The Zen of Fuel Hauling

CNSCBlog

written by Tomas Taylor, photos by Tomas Taylor

“How was the trip?”

“Good. The fuel got to the cache.”

This is pretty much what we found ourselves replying upon returning home from our epic fuel haul trips, at a somewhat loss of words. 23 drums of fuel. 1000 km over bumpy snow drifted tundra. Nights spent at cabins in Wapusk National park. All in the name of providing researchers with the support they need to complete their fieldwork. In this case: caching jet fuel for helicopters, allowing polar bear researchers to pit stop and refuel at select locations in the park while investigating the status of the Western Hudson Bay polar bear population.

Not that we didn’t enjoy it, experience wonderful expanses of nature, or have stories to tell. But driving a snowmachine for entire days, dawn till dusk, leaves you alone in your own mind for the majority of the day. Sure, the physical demands of maneuvering a machine, dealing with broken hitches, stalled machines, and snapped ratchet straps can be challenging. But the mental game of occupying your mind while barreling along wide open sub-arctic tundra proved to be the real battle. We came quickly to think of it as the Zen of Fuel Hauling.

“Where was your mind the past hour and a half?” We would ask each other at some of our breaks, snacking on trail mix and stretching our arms to the sky.

“Oh you know, somewhere between the rings of Saturn and contemplating the color blue.”

“I don’t think I had a single thought…”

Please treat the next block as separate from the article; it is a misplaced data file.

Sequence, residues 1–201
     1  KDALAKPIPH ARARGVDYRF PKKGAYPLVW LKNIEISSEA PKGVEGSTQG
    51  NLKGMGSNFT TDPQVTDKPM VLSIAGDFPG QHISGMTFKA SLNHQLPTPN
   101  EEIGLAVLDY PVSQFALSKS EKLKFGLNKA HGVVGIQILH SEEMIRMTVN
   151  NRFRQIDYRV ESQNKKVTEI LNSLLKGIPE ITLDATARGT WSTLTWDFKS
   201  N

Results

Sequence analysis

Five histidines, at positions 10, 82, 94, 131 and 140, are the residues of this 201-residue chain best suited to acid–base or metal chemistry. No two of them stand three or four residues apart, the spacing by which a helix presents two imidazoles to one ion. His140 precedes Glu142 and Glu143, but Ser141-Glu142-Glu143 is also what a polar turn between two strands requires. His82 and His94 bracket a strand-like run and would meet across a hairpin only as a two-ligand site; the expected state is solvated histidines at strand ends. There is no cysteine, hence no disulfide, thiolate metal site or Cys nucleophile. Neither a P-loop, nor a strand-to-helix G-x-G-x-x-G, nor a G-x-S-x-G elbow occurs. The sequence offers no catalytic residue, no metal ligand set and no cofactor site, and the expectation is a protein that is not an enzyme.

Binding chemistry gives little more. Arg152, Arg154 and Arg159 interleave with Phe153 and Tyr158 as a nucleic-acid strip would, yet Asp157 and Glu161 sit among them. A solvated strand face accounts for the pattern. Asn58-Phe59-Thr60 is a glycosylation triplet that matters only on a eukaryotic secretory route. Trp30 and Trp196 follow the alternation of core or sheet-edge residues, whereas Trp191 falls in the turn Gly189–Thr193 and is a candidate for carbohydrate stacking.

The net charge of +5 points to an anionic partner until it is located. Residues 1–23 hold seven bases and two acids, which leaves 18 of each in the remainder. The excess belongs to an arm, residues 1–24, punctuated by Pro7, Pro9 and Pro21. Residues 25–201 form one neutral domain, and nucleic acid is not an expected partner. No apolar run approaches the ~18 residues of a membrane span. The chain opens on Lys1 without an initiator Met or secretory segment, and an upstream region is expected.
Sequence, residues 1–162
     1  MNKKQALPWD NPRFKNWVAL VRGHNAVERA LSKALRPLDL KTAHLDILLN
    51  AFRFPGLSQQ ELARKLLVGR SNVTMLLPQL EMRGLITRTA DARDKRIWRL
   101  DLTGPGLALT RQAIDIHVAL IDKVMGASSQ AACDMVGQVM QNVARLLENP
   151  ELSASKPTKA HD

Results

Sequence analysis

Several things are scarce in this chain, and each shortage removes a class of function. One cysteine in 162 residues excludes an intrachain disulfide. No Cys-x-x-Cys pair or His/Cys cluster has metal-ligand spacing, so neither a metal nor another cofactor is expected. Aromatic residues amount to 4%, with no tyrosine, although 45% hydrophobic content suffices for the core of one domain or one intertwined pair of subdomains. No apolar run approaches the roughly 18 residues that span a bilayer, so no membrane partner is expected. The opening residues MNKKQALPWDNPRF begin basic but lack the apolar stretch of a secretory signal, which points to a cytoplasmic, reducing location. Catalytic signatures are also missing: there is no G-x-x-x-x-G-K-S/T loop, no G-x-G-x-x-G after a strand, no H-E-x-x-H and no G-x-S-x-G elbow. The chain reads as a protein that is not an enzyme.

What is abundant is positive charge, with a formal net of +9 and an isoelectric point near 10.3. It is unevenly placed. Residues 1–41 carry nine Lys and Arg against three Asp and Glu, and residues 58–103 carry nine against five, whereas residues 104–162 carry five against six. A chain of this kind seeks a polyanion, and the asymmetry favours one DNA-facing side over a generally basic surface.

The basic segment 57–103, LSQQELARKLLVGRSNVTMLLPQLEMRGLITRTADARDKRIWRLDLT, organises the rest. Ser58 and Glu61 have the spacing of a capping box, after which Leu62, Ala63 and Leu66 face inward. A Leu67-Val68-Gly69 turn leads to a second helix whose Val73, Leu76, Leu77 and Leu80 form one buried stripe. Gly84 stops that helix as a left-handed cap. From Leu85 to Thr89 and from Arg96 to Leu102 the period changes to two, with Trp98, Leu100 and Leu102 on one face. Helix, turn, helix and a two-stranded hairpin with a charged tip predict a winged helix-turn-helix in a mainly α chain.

We would laugh, jump back on our snowmachines, give eachother a thumbs up, and not speak again for a few hours. Passing wolf tracks, a solitary snowy owl sweeping across ground, reflecting on how much tundra resembles a desert, orange sand replaced with white snow.

Springtime is an important season for polar bear researchers to conduct their work, traveling by helicopter in the vast area around Churchill and throughout Wapusk National Park. The name Wapusk coming from the Cree word for polar bear, Wapusk National Park gained park status in 1996 being recognized as a very important area for denning polar bears. Home to a portion of the western Hudson Bay polar bear population, denning mothers emerge with their newly born cubs in the spring from dens dug into the peat. Long term monitoring of polar bears here continues to provide valuable information on the future of this vulnerable species, and the Churchill Northern Studies Centre functions as a base for conducting this research. Our role in providing assistance through fuel caching is one of the many ways the CNSC facilitates research in the Churchill area.